Hard Drive of the Future - Samsung and Microsoft Have Plans

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  1. #1
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    Default Hard Drive of the Future - Samsung and Microsoft Have Plans

    Hard Drive of the Future - Samsung and Microsoft Have Plans

    Recently we featured a story (see: Solid State Disk (SSD) to Replace Your Hard Drive ) about 16GB NAND flash-based hard drives that have been created by Samung. These drives promise to use only 5% of the power needed by today's conventional hard drives and offer speedy boot times for Tablet PC's and noebook computers. We have done some more digging and as it turns out, the "SSD" may very well not be the only new hard drive technology to come down the pike as the "HHD" or Hybrid Hard Drive is most likely to makes its debut with the release of Microsofts long-awaited Long Horn Operating System.

    Samsung Teams with Microsoft to Develop First Hybrid Hard Drive with NAND Flash Memory

    Seattle, WA -- April 25, 2005: Samsung Electronics Co., Ltd., the world leader in advanced memory technology, today announced that its OneNAND Flash memory has been incorporated into the design of Microsoft Corp.'s prototype Hybrid Hard Drive (HHD), the first fully functional disk drive to combine NAND-based Flash with rotating storage media. The hybrid drive, designed to work with the next version of the Windows operating system, code-named "Longhorn," is being exhibited for the first time at the Windows Hardware Engineering Conference (WinHEC) in Seattle at the Washington State Convention Center from April 25 to April 27.

    Instead of replacing the HDD, the hybrid hard drive architecture incorporates a small OneNAND device from Samsung that works within the hard disk's architecture. The hybrid device promises to leverage the benefits of magnetic storage and solid state storage without compromising the cost of the computer housing it. The ultra-high-density benefits of magnetic storage technology are preserved, while the ultra-low-power, ultra-high-reliability and fast read/write access of advanced NAND technology such as OneNAND enhances the overall value of the hybrid drive at little or no additional cost.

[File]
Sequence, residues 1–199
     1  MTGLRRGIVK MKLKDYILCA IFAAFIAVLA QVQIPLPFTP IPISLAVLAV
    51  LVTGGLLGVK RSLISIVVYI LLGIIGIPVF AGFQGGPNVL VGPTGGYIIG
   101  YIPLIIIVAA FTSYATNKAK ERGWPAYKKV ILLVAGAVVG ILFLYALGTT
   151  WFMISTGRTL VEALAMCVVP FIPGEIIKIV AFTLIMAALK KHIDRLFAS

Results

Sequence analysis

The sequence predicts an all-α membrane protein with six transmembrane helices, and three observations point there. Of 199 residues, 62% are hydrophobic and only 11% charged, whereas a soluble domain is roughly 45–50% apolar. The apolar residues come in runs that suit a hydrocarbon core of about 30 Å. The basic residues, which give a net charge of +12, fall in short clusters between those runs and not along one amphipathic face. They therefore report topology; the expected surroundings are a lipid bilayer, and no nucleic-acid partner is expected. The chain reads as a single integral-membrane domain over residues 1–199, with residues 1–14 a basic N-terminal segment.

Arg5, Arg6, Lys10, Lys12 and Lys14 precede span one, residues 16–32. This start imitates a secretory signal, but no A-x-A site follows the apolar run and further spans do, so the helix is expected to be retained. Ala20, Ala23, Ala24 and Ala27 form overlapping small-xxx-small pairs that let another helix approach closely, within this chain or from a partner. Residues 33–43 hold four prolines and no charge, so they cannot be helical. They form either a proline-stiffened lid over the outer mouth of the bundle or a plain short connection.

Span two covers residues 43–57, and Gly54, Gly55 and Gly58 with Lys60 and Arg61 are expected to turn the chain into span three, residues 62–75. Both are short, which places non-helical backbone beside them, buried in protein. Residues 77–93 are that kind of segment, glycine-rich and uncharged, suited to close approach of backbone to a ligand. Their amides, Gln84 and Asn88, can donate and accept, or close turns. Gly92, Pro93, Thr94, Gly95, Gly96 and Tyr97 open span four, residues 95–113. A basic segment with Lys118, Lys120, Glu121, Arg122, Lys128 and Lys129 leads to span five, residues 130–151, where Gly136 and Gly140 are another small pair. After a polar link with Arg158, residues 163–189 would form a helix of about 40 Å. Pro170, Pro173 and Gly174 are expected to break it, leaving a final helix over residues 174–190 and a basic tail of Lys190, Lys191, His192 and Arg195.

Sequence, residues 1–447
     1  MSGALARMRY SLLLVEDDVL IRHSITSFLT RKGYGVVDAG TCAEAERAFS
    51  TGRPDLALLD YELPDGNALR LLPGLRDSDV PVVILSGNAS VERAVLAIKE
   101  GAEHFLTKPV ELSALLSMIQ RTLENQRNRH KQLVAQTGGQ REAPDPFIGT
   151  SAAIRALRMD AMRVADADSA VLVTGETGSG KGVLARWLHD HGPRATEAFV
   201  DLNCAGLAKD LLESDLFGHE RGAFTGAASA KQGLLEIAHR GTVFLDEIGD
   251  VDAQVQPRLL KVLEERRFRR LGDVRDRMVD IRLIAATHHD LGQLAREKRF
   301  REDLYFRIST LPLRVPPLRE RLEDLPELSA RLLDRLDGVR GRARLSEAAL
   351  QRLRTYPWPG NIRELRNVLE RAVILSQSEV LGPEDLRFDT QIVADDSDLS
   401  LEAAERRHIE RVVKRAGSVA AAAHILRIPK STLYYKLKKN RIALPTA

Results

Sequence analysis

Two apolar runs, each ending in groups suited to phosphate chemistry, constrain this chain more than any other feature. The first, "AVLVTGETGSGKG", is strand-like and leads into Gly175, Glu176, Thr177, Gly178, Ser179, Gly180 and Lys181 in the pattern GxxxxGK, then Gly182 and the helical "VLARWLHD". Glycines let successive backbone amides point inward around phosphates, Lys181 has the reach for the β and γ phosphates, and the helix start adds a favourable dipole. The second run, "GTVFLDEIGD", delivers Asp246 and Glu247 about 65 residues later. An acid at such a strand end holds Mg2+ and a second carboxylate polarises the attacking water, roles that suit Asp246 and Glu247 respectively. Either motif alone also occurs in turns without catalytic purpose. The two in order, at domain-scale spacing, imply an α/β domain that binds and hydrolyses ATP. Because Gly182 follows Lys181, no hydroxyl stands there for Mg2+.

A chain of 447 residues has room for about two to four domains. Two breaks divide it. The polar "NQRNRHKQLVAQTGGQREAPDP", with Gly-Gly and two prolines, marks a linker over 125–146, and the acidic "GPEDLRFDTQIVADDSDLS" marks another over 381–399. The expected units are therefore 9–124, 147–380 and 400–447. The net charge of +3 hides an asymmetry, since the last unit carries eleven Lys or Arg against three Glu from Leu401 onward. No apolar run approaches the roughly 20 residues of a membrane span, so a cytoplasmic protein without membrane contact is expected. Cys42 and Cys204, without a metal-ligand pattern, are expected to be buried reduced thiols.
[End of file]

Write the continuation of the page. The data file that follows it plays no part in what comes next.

Since late 2003, Microsoft has been working closely with Samsung to develop the next generation of ultra-low-power disk drives for notebook computers. The hybrid hard drive will eliminate costly inefficiencies caused by the need for the hard disk drive to continue to spin whenever the computer is on. Additionally, the hybrid drive design also can provide significantly faster boot times when a computer running "Longhorn" computer starts up.

    "Hybrid drive architecture is extremely important to the future design of mobile computers. It is an advancement that will improve the performance and reliability of any computer using the Windows "Longhorn" operating system. We are delighted with the performance in our initial testing of the Samsung hybrid hard drive prototype," said Tom Phillips, General Manager of Windows Hardware Experience Group for Microsoft. "This is another example of where Microsoft is working with the industry to dramatically improve the overall Windows computing experience for our customers."

    The hybrid hard drive prototype uses 1 Gigabit OneNAND Flash as both the write buffer and boot buffer. In the hybrid write mode, the mechanical drive is spun down for the majority of the time, while data is written to the Flash write buffer. When the write buffer is filled, the rotating drive spins and the data from the write buffer is written to the hard drive.

    The hybrid drive saves power by keeping the spindle motor in idle mode almost all the time, while the operating system writes to the OneNAND write buffer. Moreover, by using OneNAND Flash with hard disk drive technology, disk drive performance...

    Full Story Link: http://www.samsung.com/us/Products/Semiconductor/USNews/Flash/Flash_20050425_0000116055.asp


    Barry


  2. #2
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    That's awesome. I figured they'd go hybrid with the NAND. Now I'll be able to get the awesome storage of a perpendicular HD with the low power and performance of a NAND when they come out.

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    I think that it is much more realistic (less scary) for consumers to switch to a "hybrid" drive at first, rather than jump into the 100% flash-based soution. I am looking forward to working with this technology upon the release of Longhorn.

 

 

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